Beowulf is an intensely spiritual work, which fuses Christian themes with pagan myth. Beowulf himself is a hero who can inspire us for our spiritual journeys in life, and teach us spiritual truths.
The poet sees the world as troubled by monsters—sin—with few powerful enough to stop them. Grendel represents the sin of hate or blood-lust, as his “glee was demonic, picturing the mayhem: before morning he would rip life from limb and devour them, feed on their flesh” (730-733). The dragon represents greed, because all has done is to “guard heathen gold/ through age-long vigils” (2276-2277). Just as the dragon terrorizes many, so does greed afflict many in our world. That the heroic Beowulf can triumph over Grendel and the dragon, and thus hatred and greed, provides hope that we too can be heroic and conquer our sins. The medieval world of Beowulf, however, is darker than simply being able to triumph over evil and sin. Grendel may be a descendant of “Cain’s clan” (106), but we are all descendants of Adam. The poem ends on a dark note, with grim forebodings of enemy tribes attacking, leaving the Geats, Beowulf’s people, “in the path of exile/ they shall walk bereft, bowed under woe” (3018-3019). The Geats, serving as a metaphor for humanity, show that we too are in a sort of exile from our home with God from before the fall. We too now are bereft and bowed under woe, in a land of sin (and this is all the more true from the point of view of a monk from the “Dark Ages,” where the sinfulness and depravity of humanity was more emphasized than today). In addition, even if Grendel is dead, there are plenty more “banished monsters,/ Cain’s clan” (105-106) to trouble people.
However, there is a still hope. Beowulf, if not quite a Christ-figure himself, at least serves as a reminder of Christ and a model of virtue to follow. As Beowulf goes to slay the dragon, he “added a thirteenth to their number” (2407). Subtracting Beowulf himself leaves twelve followers, calling to mind the twelve Apostles and Christ. Beowulf dies fighting against the dragon, a representation of sin, and defeats it but is himself killed—certainly at the very least the poet calling our mind to Jesus and His actions. In life, Beowulf was “the man most gracious and fair-minded,/ kindest to his people” (3181-3182). Beowulf fights against the dragon “for the glory of winning” (2514), not for gold or power. Indeed, “Beowulf’s gaze at the gold treasure/ when he first saw it had not been selfish” (3074-3075), and he never tried to obtain power by overthrowing the king even though he was stronger. Instead, he introduces himself as having “allegiance to Lord Hygelac” (261). Beowulf was a servant, when he could have been a master. He appreciated gold and its beauty, but did not revolve his life around it. Even though Beowulf has enormous power and strength, he never seems to give into pride. Instead, Beowulf relies on God for his success, as, after journeying to Denmark, he “thanked God/ for that easy crossing on a calm sea” (227-228). For all his power and heroism, Beowulf cannot control the weather, and so shows a reliance on God for his success. In his fight with Grendel’s mother, Beowulf and she are about equal, and in the end “holy God decided the victory” (1553-1554). Hrothgar says that Beowulf’s victory over Grendel only came “with the Lord’s assistance” (939). If even the best among us (Beowulf) needs God for victory, how much more so do we need the help of God to gain victory over sin.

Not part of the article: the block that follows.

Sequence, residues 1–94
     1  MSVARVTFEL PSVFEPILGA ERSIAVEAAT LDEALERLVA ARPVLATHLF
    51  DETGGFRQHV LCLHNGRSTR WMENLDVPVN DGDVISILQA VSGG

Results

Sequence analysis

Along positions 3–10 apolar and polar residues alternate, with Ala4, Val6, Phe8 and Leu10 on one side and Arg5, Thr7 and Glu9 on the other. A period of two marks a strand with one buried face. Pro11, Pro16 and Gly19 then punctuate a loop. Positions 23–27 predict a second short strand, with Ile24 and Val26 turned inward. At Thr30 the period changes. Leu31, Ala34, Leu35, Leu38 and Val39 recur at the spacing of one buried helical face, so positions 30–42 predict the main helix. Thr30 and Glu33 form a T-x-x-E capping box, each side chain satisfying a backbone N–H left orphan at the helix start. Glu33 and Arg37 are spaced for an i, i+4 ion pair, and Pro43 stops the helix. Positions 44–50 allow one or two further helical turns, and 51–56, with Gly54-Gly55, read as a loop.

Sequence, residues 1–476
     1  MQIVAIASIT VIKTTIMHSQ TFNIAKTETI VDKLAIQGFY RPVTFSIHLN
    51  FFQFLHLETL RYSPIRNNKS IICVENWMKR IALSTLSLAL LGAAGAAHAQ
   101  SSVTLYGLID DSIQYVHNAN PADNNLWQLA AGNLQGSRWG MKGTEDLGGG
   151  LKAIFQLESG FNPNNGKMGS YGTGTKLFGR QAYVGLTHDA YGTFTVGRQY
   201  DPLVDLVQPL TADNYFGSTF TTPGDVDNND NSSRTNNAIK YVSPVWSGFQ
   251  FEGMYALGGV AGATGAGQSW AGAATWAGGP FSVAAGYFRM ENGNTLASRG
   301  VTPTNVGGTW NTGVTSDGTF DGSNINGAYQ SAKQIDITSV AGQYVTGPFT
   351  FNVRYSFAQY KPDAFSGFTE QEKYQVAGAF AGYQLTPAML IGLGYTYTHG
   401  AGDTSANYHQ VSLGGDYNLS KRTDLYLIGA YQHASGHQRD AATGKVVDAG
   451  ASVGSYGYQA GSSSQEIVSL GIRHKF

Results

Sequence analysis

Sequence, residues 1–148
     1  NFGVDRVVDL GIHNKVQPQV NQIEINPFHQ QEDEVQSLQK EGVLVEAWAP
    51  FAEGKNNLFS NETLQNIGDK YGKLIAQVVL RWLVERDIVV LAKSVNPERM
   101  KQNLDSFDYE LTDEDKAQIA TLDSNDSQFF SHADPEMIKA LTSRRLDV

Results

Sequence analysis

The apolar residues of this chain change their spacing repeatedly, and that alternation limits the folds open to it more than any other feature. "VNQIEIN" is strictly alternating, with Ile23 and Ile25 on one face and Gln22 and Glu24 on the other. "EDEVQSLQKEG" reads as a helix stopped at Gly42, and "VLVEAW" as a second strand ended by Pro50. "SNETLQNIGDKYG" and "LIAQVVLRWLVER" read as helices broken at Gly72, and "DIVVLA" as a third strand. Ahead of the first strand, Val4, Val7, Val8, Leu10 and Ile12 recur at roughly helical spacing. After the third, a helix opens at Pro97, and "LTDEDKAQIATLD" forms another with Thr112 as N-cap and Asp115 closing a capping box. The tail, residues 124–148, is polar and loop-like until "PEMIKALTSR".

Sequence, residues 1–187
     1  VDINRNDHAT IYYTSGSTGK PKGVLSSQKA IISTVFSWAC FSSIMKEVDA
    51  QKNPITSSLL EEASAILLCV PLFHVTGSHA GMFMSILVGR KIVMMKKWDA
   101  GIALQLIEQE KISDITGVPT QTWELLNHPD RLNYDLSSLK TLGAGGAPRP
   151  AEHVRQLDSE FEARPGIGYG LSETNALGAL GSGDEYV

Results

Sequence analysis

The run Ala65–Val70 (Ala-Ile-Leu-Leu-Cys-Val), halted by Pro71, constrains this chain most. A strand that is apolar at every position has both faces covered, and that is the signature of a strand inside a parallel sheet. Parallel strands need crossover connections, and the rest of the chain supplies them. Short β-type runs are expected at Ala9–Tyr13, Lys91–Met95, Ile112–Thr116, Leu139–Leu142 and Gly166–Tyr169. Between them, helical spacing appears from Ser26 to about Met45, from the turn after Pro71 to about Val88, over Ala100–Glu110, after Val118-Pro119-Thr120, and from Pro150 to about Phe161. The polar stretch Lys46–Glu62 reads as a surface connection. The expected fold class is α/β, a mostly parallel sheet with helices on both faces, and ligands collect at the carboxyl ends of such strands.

Thus we can see that Beowulf provides a way forward in the dark world. Beowulf’s exemplary life is model for others. Beowulf’s death-wish was to have a Barrow be built so that crews could have a reference from which to navigate “as they steer/ ships across the wide and shrouded waters” (2807-2808). It would serve as “a marker that sailors could see from far away” (3158). Among the rocky cliffs of the sea and the rocky cliffs of life, Beowulf’s barrow and his life serve as a guide to reach the safety of shore or heaven. We, the sailors at sea, can see the right path to take by Beowulf’s barrow and metaphorically his life. It may not necessarily be a pretty life, as we are still in exile and even the greatest among us can die, while people like Unferth live, but by following Beowulf’s example and with God’s help we can “choose… the better part,/ eternal rewards” (1759-1760).
Dominic Lamantia is a sophomore in the Georgetown University College . He is the Inside Guard of the Georgetown Knights of Columbus